Libya gov't accepts Chavez plan for solution to conflict
Spokesman for Venezuelan president also confirms that Arab League interested in Chavez plan to send an int'l commission to talk with both sides; Britain, France to Gaddafi: Stand down or face no-fly zone.
By JPOST.COM STAFF, REUTERS
March 3, 2011 18:02
1 minute read.
Libyan anti-Gaddafi protests (R) 311.
(photo credit: REUTERS/Ahmed Jadallah)
The Libyan government has accepted a plan by Venezuela to seek a negotiated solution to the conflict in the North African country, a spokesman for President Hugo Chavez said on Thursday.
Information Minister Andres Izarra also confirmed the Arab League had shown interest in the Chavez plan to send an international commission to talk with both sides in Libya.
strikes hit rebel-held towns in east Libya
Arabs demand Libya halt violence, eye no-fly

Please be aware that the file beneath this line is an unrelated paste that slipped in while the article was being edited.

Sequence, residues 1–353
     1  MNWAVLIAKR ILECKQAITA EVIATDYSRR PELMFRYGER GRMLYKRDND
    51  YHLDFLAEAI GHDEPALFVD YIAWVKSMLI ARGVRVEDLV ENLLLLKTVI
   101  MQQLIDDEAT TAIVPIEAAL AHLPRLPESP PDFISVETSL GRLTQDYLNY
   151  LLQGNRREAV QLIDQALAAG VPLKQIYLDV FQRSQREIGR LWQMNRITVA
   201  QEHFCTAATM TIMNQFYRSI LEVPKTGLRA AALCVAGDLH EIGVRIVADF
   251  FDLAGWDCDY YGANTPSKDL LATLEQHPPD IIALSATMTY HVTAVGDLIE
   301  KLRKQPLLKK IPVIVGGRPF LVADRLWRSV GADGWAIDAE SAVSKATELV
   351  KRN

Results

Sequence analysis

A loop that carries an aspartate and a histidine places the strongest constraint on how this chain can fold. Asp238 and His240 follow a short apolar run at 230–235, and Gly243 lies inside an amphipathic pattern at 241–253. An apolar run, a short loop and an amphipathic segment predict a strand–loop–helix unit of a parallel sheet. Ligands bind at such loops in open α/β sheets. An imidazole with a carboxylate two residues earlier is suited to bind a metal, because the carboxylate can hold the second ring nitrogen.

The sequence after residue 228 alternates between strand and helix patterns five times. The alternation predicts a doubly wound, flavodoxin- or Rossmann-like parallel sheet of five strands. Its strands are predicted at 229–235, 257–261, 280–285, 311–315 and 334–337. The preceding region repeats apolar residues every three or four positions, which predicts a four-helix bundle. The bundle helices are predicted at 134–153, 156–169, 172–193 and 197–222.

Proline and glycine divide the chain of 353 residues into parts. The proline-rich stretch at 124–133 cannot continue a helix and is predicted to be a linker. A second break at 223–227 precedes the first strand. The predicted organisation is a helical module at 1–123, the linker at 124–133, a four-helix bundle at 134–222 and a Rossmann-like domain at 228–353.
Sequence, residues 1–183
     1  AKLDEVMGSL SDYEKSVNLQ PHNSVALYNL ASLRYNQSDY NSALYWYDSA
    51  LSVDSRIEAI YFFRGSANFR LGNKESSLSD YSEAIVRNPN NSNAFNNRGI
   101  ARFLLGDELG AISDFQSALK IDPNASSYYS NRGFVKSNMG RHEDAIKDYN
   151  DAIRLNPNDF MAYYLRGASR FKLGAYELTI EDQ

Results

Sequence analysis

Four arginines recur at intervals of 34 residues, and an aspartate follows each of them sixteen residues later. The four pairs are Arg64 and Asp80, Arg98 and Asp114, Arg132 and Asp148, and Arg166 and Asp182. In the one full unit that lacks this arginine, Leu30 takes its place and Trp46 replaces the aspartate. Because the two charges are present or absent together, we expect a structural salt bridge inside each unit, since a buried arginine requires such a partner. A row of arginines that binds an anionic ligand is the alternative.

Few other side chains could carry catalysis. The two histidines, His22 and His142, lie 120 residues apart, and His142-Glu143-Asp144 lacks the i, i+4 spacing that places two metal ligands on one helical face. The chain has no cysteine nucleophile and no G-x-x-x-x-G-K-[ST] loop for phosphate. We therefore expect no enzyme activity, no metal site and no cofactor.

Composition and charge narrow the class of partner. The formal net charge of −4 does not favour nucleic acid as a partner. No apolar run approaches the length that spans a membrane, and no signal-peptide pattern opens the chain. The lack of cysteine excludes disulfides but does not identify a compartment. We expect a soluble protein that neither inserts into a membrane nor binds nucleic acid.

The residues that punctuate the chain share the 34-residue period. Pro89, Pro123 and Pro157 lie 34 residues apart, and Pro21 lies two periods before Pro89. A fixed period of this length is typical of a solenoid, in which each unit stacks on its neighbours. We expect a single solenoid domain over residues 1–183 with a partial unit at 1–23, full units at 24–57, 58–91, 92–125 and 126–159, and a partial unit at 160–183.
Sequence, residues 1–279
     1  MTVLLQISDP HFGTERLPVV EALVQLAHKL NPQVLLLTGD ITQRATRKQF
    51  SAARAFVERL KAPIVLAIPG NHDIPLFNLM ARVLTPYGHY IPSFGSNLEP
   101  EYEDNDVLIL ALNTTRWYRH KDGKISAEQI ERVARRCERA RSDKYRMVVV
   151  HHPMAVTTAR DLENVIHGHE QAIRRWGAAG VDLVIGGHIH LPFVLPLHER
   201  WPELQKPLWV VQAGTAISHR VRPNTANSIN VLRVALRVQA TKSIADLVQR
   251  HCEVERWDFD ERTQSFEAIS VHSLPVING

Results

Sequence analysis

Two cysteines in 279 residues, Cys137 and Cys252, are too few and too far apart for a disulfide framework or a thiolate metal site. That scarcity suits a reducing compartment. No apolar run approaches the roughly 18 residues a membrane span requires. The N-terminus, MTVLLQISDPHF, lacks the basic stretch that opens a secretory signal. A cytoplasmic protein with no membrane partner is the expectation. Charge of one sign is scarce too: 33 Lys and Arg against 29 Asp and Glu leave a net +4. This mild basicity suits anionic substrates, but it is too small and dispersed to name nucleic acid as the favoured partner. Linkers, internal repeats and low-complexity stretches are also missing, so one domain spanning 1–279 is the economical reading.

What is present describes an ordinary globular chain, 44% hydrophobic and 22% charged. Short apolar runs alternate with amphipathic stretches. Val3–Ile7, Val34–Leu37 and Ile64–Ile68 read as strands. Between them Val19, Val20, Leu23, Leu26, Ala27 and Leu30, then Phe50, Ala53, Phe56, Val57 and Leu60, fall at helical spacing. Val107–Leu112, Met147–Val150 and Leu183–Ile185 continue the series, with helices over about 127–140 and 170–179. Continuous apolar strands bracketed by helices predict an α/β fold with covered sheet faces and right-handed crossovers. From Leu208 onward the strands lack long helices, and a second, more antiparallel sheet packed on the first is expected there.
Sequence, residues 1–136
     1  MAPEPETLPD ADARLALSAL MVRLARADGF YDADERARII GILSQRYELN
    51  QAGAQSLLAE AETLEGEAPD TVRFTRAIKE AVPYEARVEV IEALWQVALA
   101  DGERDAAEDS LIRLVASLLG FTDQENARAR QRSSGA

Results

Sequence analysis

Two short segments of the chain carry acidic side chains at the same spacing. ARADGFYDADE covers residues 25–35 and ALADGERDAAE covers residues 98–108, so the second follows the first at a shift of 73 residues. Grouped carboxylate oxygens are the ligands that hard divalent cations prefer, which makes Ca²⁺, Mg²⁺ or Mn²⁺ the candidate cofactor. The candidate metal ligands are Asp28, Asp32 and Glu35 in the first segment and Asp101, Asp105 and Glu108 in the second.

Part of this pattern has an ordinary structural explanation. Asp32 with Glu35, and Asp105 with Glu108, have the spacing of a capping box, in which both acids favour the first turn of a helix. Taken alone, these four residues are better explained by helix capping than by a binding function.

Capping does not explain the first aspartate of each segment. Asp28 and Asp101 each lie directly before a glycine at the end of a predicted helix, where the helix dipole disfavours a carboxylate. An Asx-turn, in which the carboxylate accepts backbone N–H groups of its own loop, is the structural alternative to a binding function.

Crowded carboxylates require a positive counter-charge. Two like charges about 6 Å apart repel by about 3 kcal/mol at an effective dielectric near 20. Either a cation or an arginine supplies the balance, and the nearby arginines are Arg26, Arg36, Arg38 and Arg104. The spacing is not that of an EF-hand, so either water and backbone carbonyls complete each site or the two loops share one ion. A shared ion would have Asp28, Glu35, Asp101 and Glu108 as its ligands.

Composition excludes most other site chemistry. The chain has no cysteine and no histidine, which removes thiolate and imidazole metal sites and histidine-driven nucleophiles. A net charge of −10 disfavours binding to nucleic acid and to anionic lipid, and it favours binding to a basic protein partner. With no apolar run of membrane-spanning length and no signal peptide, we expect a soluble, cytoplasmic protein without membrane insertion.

ICC prosecutor to open probe into Libya
Earlier on Thursday, France and Britain told Gaddafi they
would press for the imposition of a no-fly zone
if attacks against his
country's citizens continued.
The warning came after talks in Paris between French Foreign Minister Alain Juppe and his British counterpart, William Hague.
Britain and France want Gaddafi to stand down and were working on "bold and ambitious" proposals to put to a European Union leaders' meeting on Libya next week to step up pressure, the two ministers told reporters.
London and Paris called on Monday for a meeting of EU leaders to discuss Libya, a summit slated for March 11.
Germany, however, is against any foreign
military intervention in Libya, German Foreign Minister Guido
Westerwelle said on Thursday.
"We do not participate, and we do
not share a discussion of military intervention, because we think this
would be very counterproductive," he said at a meeting of central
European foreign ministers in Slovakia.
Meanwhile, Gaddafi, members of his inner circle, and some of his sons, will be investigated by the International Criminal Court
for "serious allegations" of crimes against the civilian population in
Libya, chief prosecutor Luis Moreno-Ocampo said Thursday.